2. Ladies and gentlemen, the powers that be in the United Synagogue of Conservative Judaism decided a few months ago to cut funding to Koach, the on-campus arm of the movement. This move virtually guarantees that the only people reaching out to our college students will be various types of Orthodox organizations. There are many of these, trying to bring us into their fold; they dismiss our approach to Judaism, and believe very strongly and teach that we are illegitimate.
At the same time, in the current issue of The Jewish Week, there is a profile of the newly-named President of the Reform movement’s Hebrew Union College, Rabbi Aaron Panken. What’s he talking about? The congregation that wants their rabbi outside the building - finding the Jews at Starbucks, meeting them at the gym, bumping into them at the bookstore. He hopes to make “creative outreach,” including the use of various new technologies, a key component of Reform rabbinic training.
And you know what? Kol hakavod to all of them, to putting their resources into attracting young people. Why aren’t WE doing that as a movement?
Today in Parashat Shofetim, we read about the commandment to the (at this point theoretical) Israelite king that he must keep a copy of the Torah next to his throne. Nobody is above the words of the Torah, the words of God. But a flesh-and-blood king deals with real problems; he must be engaged with society in real time. The Torah is not to keep him in the past, but rather to help him confront the present.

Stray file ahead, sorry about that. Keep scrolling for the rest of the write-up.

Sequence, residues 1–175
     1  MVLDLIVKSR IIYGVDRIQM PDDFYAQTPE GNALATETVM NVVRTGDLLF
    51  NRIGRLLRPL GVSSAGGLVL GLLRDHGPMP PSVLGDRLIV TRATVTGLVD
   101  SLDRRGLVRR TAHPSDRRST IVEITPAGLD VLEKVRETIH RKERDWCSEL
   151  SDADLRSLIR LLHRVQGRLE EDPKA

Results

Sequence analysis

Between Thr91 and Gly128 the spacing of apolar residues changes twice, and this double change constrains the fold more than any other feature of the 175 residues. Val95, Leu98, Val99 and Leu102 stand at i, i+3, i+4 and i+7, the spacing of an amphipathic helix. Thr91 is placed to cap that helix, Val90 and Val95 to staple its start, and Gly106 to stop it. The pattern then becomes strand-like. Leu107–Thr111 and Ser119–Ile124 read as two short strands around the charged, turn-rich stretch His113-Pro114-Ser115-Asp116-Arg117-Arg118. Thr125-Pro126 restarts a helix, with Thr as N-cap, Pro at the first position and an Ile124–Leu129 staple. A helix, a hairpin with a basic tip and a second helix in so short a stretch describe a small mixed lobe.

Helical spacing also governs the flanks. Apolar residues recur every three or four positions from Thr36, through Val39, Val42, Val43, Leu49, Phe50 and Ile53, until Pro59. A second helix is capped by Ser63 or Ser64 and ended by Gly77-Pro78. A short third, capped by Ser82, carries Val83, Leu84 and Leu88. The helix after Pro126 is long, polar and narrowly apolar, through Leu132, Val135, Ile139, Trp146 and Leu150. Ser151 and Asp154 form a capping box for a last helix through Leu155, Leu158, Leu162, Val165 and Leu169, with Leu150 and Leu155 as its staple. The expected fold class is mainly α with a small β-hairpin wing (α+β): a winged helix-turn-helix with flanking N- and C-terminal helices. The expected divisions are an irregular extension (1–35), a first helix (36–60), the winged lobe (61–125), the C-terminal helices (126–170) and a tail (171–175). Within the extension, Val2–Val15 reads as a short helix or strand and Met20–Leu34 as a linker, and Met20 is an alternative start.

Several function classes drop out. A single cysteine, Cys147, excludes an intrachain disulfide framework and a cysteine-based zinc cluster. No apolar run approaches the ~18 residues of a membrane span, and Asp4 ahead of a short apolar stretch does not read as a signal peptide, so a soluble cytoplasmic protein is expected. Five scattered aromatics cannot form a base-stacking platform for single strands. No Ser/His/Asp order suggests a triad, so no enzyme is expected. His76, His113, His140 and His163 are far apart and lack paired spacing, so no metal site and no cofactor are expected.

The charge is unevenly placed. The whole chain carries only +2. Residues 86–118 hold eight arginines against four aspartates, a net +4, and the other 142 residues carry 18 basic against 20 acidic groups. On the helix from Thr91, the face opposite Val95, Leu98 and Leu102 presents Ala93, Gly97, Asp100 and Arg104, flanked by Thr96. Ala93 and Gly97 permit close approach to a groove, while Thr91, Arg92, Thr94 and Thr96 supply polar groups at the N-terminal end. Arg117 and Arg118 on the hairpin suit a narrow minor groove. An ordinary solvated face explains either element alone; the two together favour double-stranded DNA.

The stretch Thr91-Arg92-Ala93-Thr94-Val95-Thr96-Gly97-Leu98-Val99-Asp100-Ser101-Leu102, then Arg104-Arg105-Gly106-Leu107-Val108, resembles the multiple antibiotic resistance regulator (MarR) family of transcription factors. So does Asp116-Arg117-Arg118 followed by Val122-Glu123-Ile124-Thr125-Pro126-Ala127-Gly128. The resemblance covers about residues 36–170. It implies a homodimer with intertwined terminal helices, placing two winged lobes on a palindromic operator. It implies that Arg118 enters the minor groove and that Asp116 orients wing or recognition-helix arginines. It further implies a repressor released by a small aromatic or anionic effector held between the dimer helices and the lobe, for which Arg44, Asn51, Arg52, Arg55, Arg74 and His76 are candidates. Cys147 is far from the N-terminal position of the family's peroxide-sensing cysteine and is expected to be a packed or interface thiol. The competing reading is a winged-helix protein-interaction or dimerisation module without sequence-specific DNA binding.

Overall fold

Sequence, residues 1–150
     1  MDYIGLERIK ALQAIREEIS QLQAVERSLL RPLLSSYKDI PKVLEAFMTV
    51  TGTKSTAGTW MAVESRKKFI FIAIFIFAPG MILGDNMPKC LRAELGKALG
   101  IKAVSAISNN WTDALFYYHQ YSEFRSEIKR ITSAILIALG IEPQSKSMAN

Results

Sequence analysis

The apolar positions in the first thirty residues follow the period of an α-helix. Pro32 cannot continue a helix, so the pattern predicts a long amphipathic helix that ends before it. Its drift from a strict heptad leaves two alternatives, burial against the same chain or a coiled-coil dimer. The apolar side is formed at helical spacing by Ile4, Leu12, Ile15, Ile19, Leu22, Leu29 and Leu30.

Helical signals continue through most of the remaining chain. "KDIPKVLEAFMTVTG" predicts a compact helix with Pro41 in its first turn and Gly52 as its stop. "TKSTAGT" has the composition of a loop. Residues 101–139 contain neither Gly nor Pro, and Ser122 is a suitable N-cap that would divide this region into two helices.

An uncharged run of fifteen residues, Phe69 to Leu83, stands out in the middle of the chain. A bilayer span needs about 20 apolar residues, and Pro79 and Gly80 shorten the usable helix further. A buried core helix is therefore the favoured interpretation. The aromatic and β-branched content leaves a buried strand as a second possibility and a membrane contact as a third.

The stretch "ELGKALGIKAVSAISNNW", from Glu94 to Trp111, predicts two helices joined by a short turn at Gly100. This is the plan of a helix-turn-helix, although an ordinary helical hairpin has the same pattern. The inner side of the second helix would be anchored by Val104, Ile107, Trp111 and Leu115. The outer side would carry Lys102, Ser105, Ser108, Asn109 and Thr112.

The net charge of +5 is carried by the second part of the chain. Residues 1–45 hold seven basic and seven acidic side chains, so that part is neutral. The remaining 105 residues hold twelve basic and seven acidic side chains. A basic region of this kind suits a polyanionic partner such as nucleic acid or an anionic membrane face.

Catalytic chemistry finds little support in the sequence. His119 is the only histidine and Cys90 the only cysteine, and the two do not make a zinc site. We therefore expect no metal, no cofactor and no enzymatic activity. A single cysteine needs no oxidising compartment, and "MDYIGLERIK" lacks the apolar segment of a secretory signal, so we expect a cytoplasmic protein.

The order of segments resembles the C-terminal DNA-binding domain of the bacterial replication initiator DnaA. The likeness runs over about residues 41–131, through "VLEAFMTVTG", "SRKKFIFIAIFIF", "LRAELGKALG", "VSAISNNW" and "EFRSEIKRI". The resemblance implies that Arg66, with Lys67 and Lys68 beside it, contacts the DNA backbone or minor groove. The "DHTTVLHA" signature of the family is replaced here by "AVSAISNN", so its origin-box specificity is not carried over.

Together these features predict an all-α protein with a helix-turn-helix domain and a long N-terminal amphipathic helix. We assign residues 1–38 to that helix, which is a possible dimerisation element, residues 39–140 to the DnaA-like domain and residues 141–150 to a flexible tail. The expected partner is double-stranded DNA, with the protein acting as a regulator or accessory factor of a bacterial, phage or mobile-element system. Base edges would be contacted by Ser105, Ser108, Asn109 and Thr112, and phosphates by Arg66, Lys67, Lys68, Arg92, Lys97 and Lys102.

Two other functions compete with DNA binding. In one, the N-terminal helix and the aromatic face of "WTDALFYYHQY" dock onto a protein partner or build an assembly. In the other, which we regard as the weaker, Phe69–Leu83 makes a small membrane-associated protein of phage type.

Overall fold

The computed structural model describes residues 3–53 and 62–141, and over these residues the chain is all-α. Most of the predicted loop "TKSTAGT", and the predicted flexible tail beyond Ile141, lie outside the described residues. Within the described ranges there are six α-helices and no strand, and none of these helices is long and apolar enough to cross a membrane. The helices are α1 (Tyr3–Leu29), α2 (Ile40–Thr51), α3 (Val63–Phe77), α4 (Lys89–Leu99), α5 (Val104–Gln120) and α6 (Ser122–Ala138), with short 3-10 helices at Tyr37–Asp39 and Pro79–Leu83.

One more thing that Rabbi Wolpe mentioned: when Rambam was asked why he rejected astrology, when the rabbis of the Talmud clearly believed in it, he answered by saying that our eyes are in front of us, so that we look to the future, and not to the past.
We will continue in the spirit of Tradition and Change, and change we must if we are continue to provide a home for the much-needed Jewish middle ground.
A final note: United Synagogue of Conservative Judaism is celebrating its 100th year, October 13-15 in Baltimore. Rabbi Stecker and I will be there, and Rabbi Waxman will be there in spirit. Join us.
Rabbi Seth Adelson
(Originally delivered at Temple Israel of Great Neck, Shabbat morning, 8/10/2013.)
This is the seventh and final installment in the Summer Sermon Series, an exploration of the most essential values of Temple Israel of Great Neck. The previous six installments were:
6. Tiqqun Olam (repairing the world)